As nationwide protests sparked by the death of a black man in police custody stretched into their sixth day, current and former government officials warned Sunday that the mass demonstrations could lead to new waves of coronavirus infections.
“There’s going to be a lot of issues coming out of what’s happened in the last week, but one of them is going to be that chains of transmission will have become lit from these gatherings,” former Food and Drug Administration commissioner Scott Gottlieb said in an interview on CBS News’ “Face the Nation.”
He noted that Minnesota, which has been hit hard by the pandemic, had seen an uptick in cases and hospitalizations in recent days.
“We still have pockets of spread in communities that aren’t under good control,” said Gottlieb, who is advising state governors and the Trump administration on their coronavirus response.
He also called attention to the virus’ outsize impact on black and Hispanic people, who are contracting and dying from it at disproportionate rates. Low incomes, overcrowded housing, limited access to health care and high rates of underlying conditions were all factors that put those communities at greater risk, he said.
“I think it’s a symptom of broader racial inequities in our country that we need to work to resolve,” Gottlieb said.
In an interview with CNN, Maryland Gov. Larry Hogan, a Republican, said he was worried the demonstrations could lead to spikes in cases.
“There’s no question that when you put hundreds or thousands of people together in close proximity when we’ve got this virus all over the streets it’s not healthy,” Hogan said.
Atlanta Mayor Keisha Lance Bottoms, a Democrat, said on CNN on Sunday morning that she, too, was “extremely concerned” about the spread of the coronavirus during the protests.
“It’s a pandemic, and people of color are getting hit harder,” she said. “We’re going to see the other side of this in a couple of weeks.”
Pockets of Americans across the country appeared to shrug off instructions to wear masks and practice social distancing over the weekend, gathering in large groups to protest, dine or enjoy the warm weather.
A Florida physician who handled coronavirus test results for thousands of people was removed from his post recently after officials realized he had been put on probation by the state medical board for improperly treating HIV patients, the Sun Sentinel reported.
The doctor, Eric Pantaleon, was also listed in a Drug Enforcement Administration database of Florida doctors who bought large amounts of opioids, according to the Sun Sentinel.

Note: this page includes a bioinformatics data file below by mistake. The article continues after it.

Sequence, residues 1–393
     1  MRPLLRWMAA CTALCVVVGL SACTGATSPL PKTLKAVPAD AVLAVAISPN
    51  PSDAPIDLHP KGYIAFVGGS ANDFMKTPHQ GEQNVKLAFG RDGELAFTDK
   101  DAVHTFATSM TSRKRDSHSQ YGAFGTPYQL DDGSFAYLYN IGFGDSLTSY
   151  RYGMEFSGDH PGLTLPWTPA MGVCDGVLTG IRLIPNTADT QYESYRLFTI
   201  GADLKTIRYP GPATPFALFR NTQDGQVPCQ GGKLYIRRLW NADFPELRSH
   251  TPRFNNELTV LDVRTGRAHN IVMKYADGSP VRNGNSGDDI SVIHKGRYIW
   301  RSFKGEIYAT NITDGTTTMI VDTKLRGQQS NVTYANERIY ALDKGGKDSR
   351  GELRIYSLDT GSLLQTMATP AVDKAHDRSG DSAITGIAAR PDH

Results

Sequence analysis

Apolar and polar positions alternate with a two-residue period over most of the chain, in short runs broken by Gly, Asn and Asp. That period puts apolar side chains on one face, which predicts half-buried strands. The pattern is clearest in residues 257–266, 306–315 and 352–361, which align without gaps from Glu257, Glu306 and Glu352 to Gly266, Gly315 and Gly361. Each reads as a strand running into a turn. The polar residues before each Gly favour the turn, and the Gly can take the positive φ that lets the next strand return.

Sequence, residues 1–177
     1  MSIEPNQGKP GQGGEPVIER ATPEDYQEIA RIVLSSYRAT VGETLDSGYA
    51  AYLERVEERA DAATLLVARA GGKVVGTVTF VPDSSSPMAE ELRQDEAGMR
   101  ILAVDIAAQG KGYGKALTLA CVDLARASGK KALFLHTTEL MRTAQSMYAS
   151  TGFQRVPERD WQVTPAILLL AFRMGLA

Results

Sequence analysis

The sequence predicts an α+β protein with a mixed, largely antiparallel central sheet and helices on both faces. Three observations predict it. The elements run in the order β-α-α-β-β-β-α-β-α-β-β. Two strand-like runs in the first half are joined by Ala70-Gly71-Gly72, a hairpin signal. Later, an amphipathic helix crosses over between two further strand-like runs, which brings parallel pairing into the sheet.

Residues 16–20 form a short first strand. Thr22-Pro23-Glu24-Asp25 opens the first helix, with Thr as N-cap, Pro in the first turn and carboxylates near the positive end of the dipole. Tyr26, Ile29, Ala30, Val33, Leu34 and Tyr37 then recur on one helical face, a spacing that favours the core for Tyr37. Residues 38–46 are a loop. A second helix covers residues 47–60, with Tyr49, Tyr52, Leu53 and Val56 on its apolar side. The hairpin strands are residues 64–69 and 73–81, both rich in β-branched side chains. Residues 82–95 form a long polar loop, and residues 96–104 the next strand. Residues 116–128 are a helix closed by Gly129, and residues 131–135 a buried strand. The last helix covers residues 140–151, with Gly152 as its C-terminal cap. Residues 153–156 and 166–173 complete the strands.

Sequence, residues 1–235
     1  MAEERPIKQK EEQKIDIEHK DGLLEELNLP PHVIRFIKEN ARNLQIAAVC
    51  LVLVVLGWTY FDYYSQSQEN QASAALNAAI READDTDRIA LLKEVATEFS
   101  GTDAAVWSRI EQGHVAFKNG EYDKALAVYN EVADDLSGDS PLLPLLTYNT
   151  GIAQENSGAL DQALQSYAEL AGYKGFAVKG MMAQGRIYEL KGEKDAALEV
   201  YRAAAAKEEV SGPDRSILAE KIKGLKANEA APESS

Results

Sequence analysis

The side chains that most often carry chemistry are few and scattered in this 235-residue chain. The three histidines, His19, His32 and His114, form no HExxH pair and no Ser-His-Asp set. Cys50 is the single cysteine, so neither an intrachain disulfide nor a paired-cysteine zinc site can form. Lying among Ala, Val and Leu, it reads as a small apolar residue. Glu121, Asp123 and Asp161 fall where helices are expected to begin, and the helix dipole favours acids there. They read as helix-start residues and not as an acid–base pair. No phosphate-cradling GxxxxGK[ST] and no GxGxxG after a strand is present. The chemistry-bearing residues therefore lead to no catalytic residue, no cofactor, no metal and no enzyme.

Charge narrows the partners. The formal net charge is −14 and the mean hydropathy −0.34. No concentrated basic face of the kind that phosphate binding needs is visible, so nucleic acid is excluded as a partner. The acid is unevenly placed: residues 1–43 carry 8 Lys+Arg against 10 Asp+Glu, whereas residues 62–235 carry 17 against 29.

State officials contracted with Pantaleon and his company, Medical Associates Network, to deliver results from 12 coronavirus testing sites in southeast Florida.
Officials may not have noticed he was on probation initially because he was a third party that worked downstream from labs that run tests for the state, the Sun Sentinel reported.
The sites that Pantaleon was involved with have been plagued by delays, with some patients waiting weeks or even months to receive results, according to local media.
Residents who got tested were instructed to call Pantaleon if they did not receive their results within five days. Many told local media he never returned their calls.
Pantaleon did not immediately respond to a request for comment Sunday.
In the first large-scale study examining coronavirus antibodies in children, researchers in Washington state found that roughly 1 percent of children who visited a Seattle hospital in March and April were infected with the novel coronavirus, even though most were not symptomatic.
The study, which was released Saturday and has not been peer reviewed, also found that most of the children’s immune systems neutralized the virus quickly, offering hope for researchers working to develop a vaccine.
“If children can respond to the virus, then children can respond to a vaccine,” the study’s co-author, Janet Englund, an infectious-disease specialist at Seattle Children’s Hospital, told the Seattle Times. “And vaccines that are given to children are one of the most effective ways to stop the spread of disease in the community.”
“This is just a baby step,” Englund added. “But this is, to my knowledge, the first study of seroprevalence in children.”
The Seattle area was one of the first parts of the country hit hard by the coronavirus, which killed dozens of residents of a nursing home in the city’s suburbs following the emergence of the first cases in late February.
Researchers conducted serology tests on 1,076 children who were admitted to the Seattle Children’s Hospital between March 3 and April 24, during which time confirmed cases spiked in Washington state and subsequently tapered off. Most were admitted for reasons unrelated to the coronavirus.
One child tested positive for the antibodies in March, the other nine in April, according to the study. Eight out of the 10 were not suspected of having covid-19, the disease caused by the virus.
Laura Stevens contributed to this report.
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